Saturday, February 8, 2014

Film Review: The Wolf of Wall Street:

Hello All!


Earlier this evening I watched 'The Wolf of Wall Street' and I thought I'd post a film review because it was brilliant!


I suppose I could end the review there, but I think I'll go into a tee-tiny bit more detail:


This Martin Scorsese film stars Leonardo DiCaprio and Australia's Margot Robbie, along with an ensemble cast featuring Jonah Hill and cameo's by, well, every familiar face in film and television.


The Wolf of Wall Street depicts the life of Jordan Belfort, and is based on his memoirs of the same title.


After the stock market crash, known historically as 'Black Monday' young and ambitious stockbroker Jordan Belfort takes a job dealing penny stocks. He proves an instant hit and lands himself enough money - and a newfound friendship with Donnie Azoff (Jonah Hill) - to create Stratton Oakmont Inc; a stockbroking scam company which takes money from gullible investors, most of whom fit the 'working class' bracket, and eventually, lands him the title of the 'Wolf of Wall Street'.


His first wife, Teresa, complains to him that what he is doing - in selling penny stocks to the 99% - is wrong, and begs him to use richer investors. With an aggressive sales pitch Belfort succeeds in swaying richer investors to trust him and his employee's at Stratton Oakmont Inc.


As business booms for Belfort he and his staffers regularly indulge in debauchery, morning noon and night. Belfort relies heavily on the use of drugs like cocaine and Quaaludes in order to keep his head above the stresses of his job. At a party he meets the beautiful Naomi Lapaglia (Margot Robbie) and begins an affair with her, eventuating in his divorce from Teresa. Later he and Naomi marry and purchase a house together. They also have a daughter, Skylar. However, while Belfort's life appears perfect to outsiders an FBI agent is on his trail; Belfort maintains that what he is doing is legal via several loopholes and uses his business-savvy cunning in order to keep himself, his family and his friends out of gaol.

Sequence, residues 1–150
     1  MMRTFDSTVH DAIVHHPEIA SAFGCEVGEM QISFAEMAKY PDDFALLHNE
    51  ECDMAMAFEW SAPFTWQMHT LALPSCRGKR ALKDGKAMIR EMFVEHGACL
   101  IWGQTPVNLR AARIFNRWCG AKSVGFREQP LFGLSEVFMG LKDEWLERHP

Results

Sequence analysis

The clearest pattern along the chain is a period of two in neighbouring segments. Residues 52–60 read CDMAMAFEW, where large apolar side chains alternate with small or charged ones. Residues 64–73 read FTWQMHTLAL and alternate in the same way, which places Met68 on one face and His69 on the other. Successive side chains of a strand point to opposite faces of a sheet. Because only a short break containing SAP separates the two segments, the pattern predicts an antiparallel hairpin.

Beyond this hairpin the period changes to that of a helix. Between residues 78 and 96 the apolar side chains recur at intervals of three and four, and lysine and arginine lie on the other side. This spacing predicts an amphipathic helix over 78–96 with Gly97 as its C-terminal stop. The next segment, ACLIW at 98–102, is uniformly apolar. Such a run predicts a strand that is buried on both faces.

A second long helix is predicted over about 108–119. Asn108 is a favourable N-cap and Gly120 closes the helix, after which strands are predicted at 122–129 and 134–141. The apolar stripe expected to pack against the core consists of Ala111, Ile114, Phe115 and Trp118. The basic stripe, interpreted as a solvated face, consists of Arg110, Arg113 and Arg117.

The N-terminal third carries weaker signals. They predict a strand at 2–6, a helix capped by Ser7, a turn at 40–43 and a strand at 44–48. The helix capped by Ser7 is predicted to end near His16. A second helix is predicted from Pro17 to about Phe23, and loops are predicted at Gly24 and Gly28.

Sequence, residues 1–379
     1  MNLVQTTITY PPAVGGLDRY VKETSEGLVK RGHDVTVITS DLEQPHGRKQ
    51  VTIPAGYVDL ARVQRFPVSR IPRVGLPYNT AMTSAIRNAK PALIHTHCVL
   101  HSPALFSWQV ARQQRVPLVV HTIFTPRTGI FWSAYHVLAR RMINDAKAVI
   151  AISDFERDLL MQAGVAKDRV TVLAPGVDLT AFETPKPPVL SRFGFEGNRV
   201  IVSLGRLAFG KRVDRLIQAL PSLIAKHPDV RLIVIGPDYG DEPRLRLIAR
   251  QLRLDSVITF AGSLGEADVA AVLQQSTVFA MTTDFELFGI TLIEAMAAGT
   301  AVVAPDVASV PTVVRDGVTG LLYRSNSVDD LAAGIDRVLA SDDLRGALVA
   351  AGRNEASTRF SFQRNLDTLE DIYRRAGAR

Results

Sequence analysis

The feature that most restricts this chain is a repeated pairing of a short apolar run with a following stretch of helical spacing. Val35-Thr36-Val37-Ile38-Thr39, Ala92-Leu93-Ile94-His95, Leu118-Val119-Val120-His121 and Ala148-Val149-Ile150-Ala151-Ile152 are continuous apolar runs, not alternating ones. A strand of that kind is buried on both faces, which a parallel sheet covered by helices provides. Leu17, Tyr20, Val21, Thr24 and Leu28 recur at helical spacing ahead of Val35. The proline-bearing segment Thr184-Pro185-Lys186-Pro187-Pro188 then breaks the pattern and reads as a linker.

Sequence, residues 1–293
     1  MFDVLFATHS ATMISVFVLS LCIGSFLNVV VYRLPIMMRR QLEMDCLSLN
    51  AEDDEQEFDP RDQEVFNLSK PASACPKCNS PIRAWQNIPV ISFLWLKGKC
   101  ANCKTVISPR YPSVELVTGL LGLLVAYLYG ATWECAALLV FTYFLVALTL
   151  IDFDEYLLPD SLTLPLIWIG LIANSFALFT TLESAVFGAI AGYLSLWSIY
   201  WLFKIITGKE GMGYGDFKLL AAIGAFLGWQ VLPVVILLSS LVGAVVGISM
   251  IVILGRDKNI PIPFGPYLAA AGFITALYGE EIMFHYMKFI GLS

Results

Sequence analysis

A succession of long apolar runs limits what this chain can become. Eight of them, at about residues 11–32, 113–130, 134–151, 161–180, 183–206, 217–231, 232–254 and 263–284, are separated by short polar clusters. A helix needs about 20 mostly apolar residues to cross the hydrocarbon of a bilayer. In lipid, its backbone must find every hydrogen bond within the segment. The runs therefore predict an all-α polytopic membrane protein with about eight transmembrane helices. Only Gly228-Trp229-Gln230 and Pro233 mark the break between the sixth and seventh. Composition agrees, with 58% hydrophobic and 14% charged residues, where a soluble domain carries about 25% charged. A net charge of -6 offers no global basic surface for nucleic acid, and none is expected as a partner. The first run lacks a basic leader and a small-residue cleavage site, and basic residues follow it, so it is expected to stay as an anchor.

This is an intense film; Scorsese and DiCaprio have both outdone themselves in terms of direction and performance. The crazed enthusiasm with which DiCaprio depicts Jordan Belmont is reminiscent of Jack Nicholson - he truly brings the film to life. The character of Belmont is seemingly enthralled by his own descent; he has always wanted to be a millionaire, but even after reaching that goal he is unsatisfied and so pushes himself, his employees and his wife even further. Revelling in the chaos he creates around himself, money becomes like a drug to Belmont - the pull of it creating an insatiable thirst in him: The more he makes, the more he wants.


Belmont's worshipping of cashflow eventually costs him everything; his wife, his children - and thirty-six months of his freedom when the FBI catches up to him and his scams.


The Wolf of Wall Street is both a semi-truthful story and an interesting study in human behaviour where money and power are concerned. It begs several questions of its audience, one being; why do we strive so hard for monetary gain? In the case of Jordan Belmont money was yet another high. What status does money attribute to us, as individuals? What can it help us do? How can it hurt us? And, lastly, why do we value it so highly? Is it because the value of a certain amount of cash is based in clearly-written and easily understandable terms? The Wolf of Wall Street suggests that no value is ever clear, even when stamped on the side of a green banknote.


I urge everyone to see this film. I don't know why DiCaprio hasn't won an Oscar yet, but it's about time he did.


Xo, Ellen.